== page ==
Quality in Poetry

In receipt of a $200 million bequest, {13} The Poetry Foundation has put an enormous quantity of poetry on line, but, {14} while it's heart-warming to see its thoughtful articles, and so many figures rescued from neglect, the bulk of the work has a depressing effect. So much seems only clever, humdrum and maladroit. Perhaps poetry really is difficult to write. Britain's Poetry Library, among its attractive articles, news and events, also puts on line representative samples from its extensive records of British poetry magazines, {15} but good poems are also hard to find. {16} Perhaps the selections were made by junior staff. But when we look at leading poetry translation sites, {17-18} where topic and inspiration have already been found, and it's the task is simply one of craft, conveying something excellent into excellent English, the same deadening uniformity appears. What has happened to the verve, variety and beauty of the original?

The Way Back

Earlier books and articles on the founders of Modernism explained what was puzzling and different about the new poetries. In doing so they provided a sterling service to readers, opening realms of opportunity barely glimpsed before. Not to be neglected as well are the many books and articles of interest that continue to pour off the academic and small presses: essential reading for anyone who wants to know where serious poetry is headed, and why. But these works do not start at square one: they accept the tacit assumptions of today's poetry, and do not necessarily question what needs to be questioned.

The need, as I see it is firstly to examine the roots of Modernism and Postmodernism in some depth, from proper philosophic bases, and see what survives that scrutiny — which is what I have tried to do with my 'Background to Critical Theory' and sections of 'Writing Verse': both free ebooks, down-loadable from Ocaso Press. {19-20} The second need is to re-examine the work of leading Modernist and Postmodernist poets, critically, using some the material provided by the two ebooks. The first was theoretical and general; the second is detailed and practical. What assumptions have been made in writing the poetry? How do the assumptions stand in the larger context of the humanities? What have been the immediate consequences, and do any failures or shortcomings result from theory or that great imponderable, poetic talent? That second approach is the aim of the 'reassessments' material here.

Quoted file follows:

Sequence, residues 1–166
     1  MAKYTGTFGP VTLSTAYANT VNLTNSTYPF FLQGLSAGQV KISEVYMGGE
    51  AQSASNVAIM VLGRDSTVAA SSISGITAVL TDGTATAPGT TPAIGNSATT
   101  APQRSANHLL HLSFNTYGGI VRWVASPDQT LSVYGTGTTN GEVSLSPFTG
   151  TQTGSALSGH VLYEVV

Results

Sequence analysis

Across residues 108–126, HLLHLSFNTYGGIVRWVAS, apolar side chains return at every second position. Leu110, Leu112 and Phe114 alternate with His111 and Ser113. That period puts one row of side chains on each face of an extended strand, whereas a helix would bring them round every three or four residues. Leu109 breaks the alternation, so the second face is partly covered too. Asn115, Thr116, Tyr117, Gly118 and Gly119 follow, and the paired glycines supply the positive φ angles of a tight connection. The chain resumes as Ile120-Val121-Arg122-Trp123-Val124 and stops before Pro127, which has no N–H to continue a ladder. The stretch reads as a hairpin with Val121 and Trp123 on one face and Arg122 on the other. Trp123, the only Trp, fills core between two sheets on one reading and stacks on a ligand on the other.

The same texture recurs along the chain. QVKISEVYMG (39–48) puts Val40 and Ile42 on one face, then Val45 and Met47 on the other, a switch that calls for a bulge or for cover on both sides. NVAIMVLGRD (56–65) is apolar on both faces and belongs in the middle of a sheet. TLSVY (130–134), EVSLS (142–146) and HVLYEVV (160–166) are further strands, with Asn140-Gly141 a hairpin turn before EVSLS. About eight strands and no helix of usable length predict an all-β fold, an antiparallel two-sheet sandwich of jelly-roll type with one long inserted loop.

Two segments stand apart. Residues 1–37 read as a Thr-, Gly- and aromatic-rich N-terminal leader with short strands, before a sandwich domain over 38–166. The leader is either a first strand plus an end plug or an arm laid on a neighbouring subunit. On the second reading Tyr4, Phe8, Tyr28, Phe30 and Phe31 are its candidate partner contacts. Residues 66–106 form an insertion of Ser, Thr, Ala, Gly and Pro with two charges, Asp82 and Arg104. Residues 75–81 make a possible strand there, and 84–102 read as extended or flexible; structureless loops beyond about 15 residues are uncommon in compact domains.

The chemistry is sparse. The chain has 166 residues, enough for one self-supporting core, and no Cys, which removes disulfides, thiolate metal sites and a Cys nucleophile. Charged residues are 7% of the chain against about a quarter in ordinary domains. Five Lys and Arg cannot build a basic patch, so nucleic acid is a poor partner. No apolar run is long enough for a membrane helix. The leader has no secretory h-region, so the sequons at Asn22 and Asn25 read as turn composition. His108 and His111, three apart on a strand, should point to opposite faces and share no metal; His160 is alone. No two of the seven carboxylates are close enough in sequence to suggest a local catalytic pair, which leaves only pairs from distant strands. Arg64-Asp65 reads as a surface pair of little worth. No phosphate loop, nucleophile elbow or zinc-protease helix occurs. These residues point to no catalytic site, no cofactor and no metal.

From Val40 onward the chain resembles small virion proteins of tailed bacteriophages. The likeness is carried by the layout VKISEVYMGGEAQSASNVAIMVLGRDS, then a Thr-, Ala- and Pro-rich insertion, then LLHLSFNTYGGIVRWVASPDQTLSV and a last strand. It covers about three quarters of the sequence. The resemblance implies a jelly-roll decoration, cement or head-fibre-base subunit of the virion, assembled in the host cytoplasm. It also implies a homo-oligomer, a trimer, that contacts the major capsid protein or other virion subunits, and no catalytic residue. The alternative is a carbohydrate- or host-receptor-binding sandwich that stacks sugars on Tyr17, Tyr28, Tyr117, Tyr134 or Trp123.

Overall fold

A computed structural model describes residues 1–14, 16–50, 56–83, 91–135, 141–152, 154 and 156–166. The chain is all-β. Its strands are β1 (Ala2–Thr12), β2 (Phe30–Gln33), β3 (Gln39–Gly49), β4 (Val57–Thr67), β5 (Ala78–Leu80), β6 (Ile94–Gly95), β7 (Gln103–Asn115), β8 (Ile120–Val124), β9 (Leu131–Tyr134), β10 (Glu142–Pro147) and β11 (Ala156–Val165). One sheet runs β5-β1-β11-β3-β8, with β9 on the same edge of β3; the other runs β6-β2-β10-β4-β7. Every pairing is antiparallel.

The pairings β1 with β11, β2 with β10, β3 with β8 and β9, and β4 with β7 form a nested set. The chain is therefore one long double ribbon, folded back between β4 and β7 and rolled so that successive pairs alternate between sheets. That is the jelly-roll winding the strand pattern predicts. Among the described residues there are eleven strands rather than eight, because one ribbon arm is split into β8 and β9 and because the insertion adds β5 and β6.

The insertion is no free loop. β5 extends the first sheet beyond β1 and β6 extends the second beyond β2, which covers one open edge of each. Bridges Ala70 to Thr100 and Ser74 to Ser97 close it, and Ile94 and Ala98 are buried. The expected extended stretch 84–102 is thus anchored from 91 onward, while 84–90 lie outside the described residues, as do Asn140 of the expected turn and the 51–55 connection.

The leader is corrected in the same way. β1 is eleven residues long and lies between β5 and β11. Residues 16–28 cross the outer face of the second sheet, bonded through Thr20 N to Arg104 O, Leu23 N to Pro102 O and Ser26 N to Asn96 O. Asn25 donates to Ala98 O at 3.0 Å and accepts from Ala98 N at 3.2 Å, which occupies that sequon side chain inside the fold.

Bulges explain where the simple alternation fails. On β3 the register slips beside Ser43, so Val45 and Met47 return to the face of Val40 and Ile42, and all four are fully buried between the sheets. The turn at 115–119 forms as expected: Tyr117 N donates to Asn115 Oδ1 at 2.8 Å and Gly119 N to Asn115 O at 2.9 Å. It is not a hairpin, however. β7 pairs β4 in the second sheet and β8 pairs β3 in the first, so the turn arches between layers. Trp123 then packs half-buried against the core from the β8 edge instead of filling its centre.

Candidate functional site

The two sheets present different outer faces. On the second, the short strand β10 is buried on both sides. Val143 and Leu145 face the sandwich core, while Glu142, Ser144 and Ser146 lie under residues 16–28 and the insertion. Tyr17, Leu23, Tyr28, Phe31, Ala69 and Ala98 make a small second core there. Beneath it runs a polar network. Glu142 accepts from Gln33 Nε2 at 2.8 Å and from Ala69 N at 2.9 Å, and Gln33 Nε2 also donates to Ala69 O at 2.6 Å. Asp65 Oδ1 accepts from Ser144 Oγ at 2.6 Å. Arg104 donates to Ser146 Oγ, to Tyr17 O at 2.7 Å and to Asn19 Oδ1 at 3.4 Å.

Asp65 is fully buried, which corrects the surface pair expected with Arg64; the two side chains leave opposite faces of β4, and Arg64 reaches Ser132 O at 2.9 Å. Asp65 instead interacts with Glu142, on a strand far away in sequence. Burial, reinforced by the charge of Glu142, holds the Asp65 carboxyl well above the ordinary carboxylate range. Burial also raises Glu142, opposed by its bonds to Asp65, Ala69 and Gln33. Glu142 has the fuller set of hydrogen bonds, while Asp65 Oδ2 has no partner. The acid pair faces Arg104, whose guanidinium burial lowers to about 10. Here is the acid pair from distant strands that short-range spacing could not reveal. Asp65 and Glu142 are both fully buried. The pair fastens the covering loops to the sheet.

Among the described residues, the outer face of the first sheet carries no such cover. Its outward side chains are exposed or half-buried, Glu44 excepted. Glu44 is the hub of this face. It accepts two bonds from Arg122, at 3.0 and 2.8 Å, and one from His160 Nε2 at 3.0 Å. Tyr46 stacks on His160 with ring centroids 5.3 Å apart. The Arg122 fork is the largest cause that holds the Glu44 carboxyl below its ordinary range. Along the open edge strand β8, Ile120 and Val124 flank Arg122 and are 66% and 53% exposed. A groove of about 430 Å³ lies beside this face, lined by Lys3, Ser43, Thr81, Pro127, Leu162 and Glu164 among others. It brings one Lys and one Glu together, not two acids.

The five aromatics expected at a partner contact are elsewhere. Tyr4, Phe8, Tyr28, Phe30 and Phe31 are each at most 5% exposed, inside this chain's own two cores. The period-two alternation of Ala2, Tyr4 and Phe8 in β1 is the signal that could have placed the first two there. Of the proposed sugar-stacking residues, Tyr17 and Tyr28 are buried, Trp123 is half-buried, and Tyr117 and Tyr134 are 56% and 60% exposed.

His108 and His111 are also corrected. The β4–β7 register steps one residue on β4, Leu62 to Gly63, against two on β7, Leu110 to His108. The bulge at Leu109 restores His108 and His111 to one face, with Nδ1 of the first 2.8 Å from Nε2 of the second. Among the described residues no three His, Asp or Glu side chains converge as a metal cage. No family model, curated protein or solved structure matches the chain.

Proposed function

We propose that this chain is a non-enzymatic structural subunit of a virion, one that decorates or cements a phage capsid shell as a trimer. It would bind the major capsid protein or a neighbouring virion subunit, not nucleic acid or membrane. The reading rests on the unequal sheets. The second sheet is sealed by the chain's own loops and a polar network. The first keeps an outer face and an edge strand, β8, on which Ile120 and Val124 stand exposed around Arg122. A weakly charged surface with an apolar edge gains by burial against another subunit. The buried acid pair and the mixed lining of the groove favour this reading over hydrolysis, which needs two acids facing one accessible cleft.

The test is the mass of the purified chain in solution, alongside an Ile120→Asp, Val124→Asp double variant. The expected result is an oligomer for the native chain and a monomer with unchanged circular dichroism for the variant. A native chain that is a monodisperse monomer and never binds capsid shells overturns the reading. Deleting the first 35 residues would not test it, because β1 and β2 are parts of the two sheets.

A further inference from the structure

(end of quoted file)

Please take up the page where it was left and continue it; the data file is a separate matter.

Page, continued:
References


1. Gay, Peter. (2010) Modernism: The Lure Of Heresy. W.W. Norton.
2. Armstrong, Tim. (2005) Modernism: A Cultural History. Polity.
3. Ellmann, Richard.(1948) Yeats: The Man and the Masks. Macmillan.
4. Kenner, Hugh. (1951) The Poetry of Ezra Pound. New Directions.
5. Perkins, David. (1987) A History of Modern Poetry. 2 Vols. Harvard Univ. Press.
6. Holcombe, C.J. (2015) Writing Verse: A Practical Guide. Ocaso Press. 333-7.
7. Childress, William. (2012) Is Free Verse Killing Poetry? Retrieved December 26, 2017 from http://www.vqronline.org/poetry/free-verse-killing-poetry
8. Logan, William (2005) The Undiscovered Country. Columbia Univ. Press.
9. Gioia, Dana (1991) Can Poetry Matter? Essays on Poetry and American Culture. Graywolf Press.
10. Fletcher, Angus (2009) A New Theory for American Poetry. Harvard Univ. Press.
11. Shelly, Percy Blysshe (1840) Essay, Letters from Abroad, Translations and Fragments. Volume 1. Edward Moxon.
12. Ingraham, Christopher (2015)Poetry is going extinct, government data show. Retrieved December 29, 2017 from https://www.washingtonpost.com/news/wonk/wp/2015/04/24/poetry-is-going-extinct-government-data-show/
13. Goodyear, Dana {2007} The Money Muse: What can two hundred million dollars do for poetry? Retrieved December 29, 2017 from https://www.newyorker.com/magazine/2007/02/19/the-moneyed-muse
14. Poetry Foundation staff. The Poetry Foundation. Retrieved December 29, 2017 from https://www.poetryfoundation.org/
15. Poetry Library staff. The Poetry Library. Retrieved December 29, 2017 from http://www.poetrylibrary.org.uk/.
16. Holcombe, C.J. TextEtc Blog. Retrieved December 29, 2017 from http://www.textetc.com/blog/
17. Poetry Translation Center staff. Retrieved December 29, 2017 from http://www.textetc.com/blog/
18. Kline, A.S. Poetry in Translation. Retrieved December 29, 2017 from http://www.poetryintranslation.com/
19. Holcombe, C.J. (2016) A Background to Critical Theory. Ocaso Press. Available from http://www.ocasopress.com/critical theory-background.html
20. Holcombe, C.J. (2015) Writing Verse: A Practical Guide. Ocaso Press. Available from http://www.ocasopress.com/verse-writing-a-practical-guide.html